My horse is incredibly lazy. He perks up when we’re jumping but switches off when we’re doing flatwork. If I use spurs or a whip, he bucks. I use a lot of transitions and many of the ‘standard’ tricks to motivate a lazy horse. What can I try next?
Look closely at the schooling of your horse. You say that he bucks when you use your whip or spurs, which means he doesn’t understand your aids. Ask yourself the questions below:
- Is my seat balanced, symmetrical and non-restricting?
- Are my rein aids always encouraging forward movement or do I ride with a heavy contact?
- What is my schooling routine?
- Do I allow enough time for my horse to loosen up before I ask him to work?
- Is he supple and rhythmic in his gaits before I ask for transitions and more advanced exercises?
- Does he work correctly – i.e. does he use his back, is he accepting of the bit, does he bend and flex both ways without resistance?
You might already be employing some great tactics to spark up your horse’s forwardness but unless you act from a balanced, effective seat, your actions won’t bring long-term results.
‘Laziness’ can also be caused by a horse blocking through his back, which might be a riding or tack issue. He might remain round in the neck but hollow through his back, which will make it difficult for him to use his hindlegs productively and create the impulsion you’re after.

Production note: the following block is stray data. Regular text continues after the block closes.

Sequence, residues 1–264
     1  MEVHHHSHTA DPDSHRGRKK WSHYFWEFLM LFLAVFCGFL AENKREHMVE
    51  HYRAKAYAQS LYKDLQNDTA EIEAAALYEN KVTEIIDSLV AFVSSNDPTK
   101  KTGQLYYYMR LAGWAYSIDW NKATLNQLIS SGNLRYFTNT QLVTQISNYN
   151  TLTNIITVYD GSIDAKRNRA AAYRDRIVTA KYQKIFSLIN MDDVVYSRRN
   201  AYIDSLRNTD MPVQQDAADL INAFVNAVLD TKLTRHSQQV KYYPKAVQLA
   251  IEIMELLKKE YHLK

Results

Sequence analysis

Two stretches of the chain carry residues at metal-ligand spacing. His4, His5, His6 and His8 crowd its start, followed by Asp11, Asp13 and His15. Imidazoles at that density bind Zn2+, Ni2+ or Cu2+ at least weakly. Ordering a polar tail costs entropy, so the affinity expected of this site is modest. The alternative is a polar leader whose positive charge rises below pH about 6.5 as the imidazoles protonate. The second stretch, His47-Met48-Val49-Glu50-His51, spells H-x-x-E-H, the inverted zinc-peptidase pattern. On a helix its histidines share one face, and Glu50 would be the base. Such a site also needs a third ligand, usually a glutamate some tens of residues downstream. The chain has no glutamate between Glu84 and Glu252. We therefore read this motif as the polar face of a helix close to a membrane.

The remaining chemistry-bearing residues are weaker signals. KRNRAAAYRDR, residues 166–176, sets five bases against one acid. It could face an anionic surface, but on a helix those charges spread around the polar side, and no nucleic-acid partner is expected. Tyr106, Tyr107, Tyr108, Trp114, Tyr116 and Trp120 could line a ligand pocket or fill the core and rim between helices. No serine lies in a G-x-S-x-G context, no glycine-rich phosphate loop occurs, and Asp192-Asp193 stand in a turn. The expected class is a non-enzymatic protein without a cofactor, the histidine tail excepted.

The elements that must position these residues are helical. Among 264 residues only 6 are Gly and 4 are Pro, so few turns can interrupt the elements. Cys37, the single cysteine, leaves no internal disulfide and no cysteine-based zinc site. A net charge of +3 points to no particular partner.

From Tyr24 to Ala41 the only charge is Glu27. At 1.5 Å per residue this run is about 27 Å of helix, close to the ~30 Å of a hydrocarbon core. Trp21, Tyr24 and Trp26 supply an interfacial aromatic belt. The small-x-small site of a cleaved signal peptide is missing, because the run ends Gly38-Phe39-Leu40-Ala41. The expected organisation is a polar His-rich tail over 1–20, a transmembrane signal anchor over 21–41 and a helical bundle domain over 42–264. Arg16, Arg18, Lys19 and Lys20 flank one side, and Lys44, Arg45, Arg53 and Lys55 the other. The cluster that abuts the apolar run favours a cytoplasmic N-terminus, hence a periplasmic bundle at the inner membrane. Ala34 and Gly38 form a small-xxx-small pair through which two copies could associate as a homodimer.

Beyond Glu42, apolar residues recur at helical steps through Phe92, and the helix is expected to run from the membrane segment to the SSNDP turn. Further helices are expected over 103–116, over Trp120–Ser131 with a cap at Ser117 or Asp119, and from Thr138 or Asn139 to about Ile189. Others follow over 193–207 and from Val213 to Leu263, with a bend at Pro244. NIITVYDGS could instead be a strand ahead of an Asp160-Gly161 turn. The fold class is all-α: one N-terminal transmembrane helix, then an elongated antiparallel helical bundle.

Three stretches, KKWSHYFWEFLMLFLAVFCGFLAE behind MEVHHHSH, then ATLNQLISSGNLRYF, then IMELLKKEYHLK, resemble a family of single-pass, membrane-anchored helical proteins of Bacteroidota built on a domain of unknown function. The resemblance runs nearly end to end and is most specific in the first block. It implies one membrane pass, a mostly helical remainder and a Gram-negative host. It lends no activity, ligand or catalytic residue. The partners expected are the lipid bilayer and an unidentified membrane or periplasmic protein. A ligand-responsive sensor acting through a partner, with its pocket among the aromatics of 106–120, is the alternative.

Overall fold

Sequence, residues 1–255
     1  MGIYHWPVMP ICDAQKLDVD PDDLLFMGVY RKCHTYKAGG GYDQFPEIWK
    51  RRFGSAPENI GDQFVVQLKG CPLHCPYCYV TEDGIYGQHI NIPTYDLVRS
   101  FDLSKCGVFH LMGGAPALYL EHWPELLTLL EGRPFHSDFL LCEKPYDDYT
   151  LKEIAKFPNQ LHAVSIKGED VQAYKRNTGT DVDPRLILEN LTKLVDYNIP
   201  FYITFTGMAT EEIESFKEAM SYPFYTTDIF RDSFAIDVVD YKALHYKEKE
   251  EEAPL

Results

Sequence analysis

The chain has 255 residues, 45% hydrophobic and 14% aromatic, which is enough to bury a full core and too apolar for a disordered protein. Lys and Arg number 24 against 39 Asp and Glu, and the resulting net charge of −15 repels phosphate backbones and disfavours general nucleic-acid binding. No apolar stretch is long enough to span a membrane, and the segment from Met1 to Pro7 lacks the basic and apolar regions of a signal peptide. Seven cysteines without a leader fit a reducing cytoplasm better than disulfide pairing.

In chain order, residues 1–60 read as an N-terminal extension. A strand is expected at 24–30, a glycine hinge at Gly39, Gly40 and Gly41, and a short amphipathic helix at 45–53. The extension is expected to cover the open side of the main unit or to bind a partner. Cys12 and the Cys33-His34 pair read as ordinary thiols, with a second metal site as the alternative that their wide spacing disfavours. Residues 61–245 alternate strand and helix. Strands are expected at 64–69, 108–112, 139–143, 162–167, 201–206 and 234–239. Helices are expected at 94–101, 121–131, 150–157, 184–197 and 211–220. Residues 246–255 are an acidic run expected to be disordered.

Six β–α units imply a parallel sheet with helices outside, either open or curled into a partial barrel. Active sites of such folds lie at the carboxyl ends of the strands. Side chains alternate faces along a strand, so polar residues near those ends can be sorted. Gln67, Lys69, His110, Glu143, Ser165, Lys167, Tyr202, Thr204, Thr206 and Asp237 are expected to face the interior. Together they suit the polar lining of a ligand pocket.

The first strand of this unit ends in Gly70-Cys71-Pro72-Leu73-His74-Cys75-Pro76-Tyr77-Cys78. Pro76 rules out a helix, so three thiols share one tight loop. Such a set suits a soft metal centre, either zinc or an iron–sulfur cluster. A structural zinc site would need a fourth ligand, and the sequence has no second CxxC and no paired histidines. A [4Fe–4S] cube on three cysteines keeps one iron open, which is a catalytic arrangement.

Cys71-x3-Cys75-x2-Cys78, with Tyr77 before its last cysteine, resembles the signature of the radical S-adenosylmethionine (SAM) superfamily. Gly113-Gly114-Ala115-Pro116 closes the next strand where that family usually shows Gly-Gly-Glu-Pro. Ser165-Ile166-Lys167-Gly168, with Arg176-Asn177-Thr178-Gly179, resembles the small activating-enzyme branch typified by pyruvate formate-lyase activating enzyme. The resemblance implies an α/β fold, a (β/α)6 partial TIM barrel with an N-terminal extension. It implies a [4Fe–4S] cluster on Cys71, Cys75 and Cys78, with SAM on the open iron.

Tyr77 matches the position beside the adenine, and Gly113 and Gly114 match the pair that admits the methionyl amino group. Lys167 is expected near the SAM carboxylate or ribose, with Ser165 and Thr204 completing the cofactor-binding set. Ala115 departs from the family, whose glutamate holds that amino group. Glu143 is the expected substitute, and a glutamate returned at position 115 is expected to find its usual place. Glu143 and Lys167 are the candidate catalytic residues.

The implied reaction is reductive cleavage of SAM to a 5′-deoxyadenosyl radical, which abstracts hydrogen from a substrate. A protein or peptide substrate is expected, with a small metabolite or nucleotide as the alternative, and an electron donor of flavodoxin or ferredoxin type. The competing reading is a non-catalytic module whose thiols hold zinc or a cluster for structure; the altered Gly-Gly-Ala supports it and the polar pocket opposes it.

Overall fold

If this is the case, the more you nag him the worse he’ll get, because he’ll be physically unable to bring his hindlegs deeper under his body.
Dressage lessons might help you iron out some basics and work on rhythm and suppleness in your horse’s body.
Generally the looser the horse feels through his body, the more desire to go forwards he will have.
Another option I would strongly suggest is to book a couple of lessons on horses you’ve never ridden. One-horse riders can end up indulging in their own horse’s crookedness and other issues that affect the desire to move forwards. Riding other horses in a lesson situation, where you work through different schooling challenges and have your position and seat evaluated, could give you some fresh ideas as to how to ride your own horse better.
Lungeing him before getting on board can also help. You can observe his movement and assess his mood and desire to go forwards. It’s also a great way to loosen him before getting on.